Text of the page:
Radical Sabbatical is an artist residency programme which brings together creative practitioners from Eastside Projects’ ESP associates scheme with academics from across the University of Birmingham. Each year, four artists are encouraged to enter into creative dialogue with UoB academics to explore how each other’s research is produced and conveyed.
Our 2019 Radical Sabbatical artists – Leah Carless, Kelly Large, Priya Mistry and Brian J Morrison – have been working with academics in response to research themes of Common-Wealth and The Unconditioned Mind, unpicking the traits of loneliness, exploring medical imaging and connections to emotional states, understanding the biologically adaptive role of delusions, analysing the binaries of charisma and connections between obsessive compulsive disorder and body dysmorphia
Join the artists for their End of Term event where they’ll introduce new ideas and talk about work that has been taking shape over the past few months.
Leah Careless will present the research around the wax anatomical models accompanied with images, scans, casts, drawings, re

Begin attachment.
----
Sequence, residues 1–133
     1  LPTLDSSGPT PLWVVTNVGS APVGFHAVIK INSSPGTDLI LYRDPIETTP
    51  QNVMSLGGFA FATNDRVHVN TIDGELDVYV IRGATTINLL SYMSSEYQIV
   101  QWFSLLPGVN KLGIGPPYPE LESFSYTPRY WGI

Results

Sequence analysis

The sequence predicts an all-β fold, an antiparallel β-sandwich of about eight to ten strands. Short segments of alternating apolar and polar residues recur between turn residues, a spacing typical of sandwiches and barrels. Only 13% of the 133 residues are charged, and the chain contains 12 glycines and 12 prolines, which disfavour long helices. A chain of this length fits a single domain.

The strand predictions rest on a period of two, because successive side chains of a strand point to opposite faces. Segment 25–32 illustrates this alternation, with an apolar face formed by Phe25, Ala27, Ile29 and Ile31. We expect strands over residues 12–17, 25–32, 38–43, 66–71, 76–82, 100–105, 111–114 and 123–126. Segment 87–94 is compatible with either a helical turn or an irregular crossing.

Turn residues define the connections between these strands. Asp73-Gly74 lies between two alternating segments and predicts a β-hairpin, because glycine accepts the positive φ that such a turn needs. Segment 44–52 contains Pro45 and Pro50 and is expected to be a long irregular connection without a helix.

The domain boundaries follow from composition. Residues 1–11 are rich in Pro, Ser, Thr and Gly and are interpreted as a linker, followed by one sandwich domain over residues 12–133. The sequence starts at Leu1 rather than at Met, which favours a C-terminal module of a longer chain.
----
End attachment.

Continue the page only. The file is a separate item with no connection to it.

Kelly Large’s research focusses on the significance of ‘charisma’ in contemporary society. For the residency she will depart from conventional, gendered and racialised expressions of charismatic presence to speculate on what a feminist, queer, non-western, non-binary version might be, conveyed through a vocabulary of physical gesture and embodied movement.
“Do we all need to be a little bit more Psycho, more imagined or more Shamanic?”, through her research Priya Mistry explores this very question. Whilst engaging with the Research & Cultural Collections store, in dialogues with Project Perfect researcher Eugene Lancellotta and working under the theme of ‘The Unconditioned Mind’ Mistry’s research is investigating the body as a vessel, the potential of definitions, alternative data, and functional adaptations.
Brian J Morrison is interested in how we might visualise complex scientific and philosophical ideas which are often otherwise dislocated and he aims to interpret this via performative paintings.
Arts & Science Festival, photography by Paul Stringe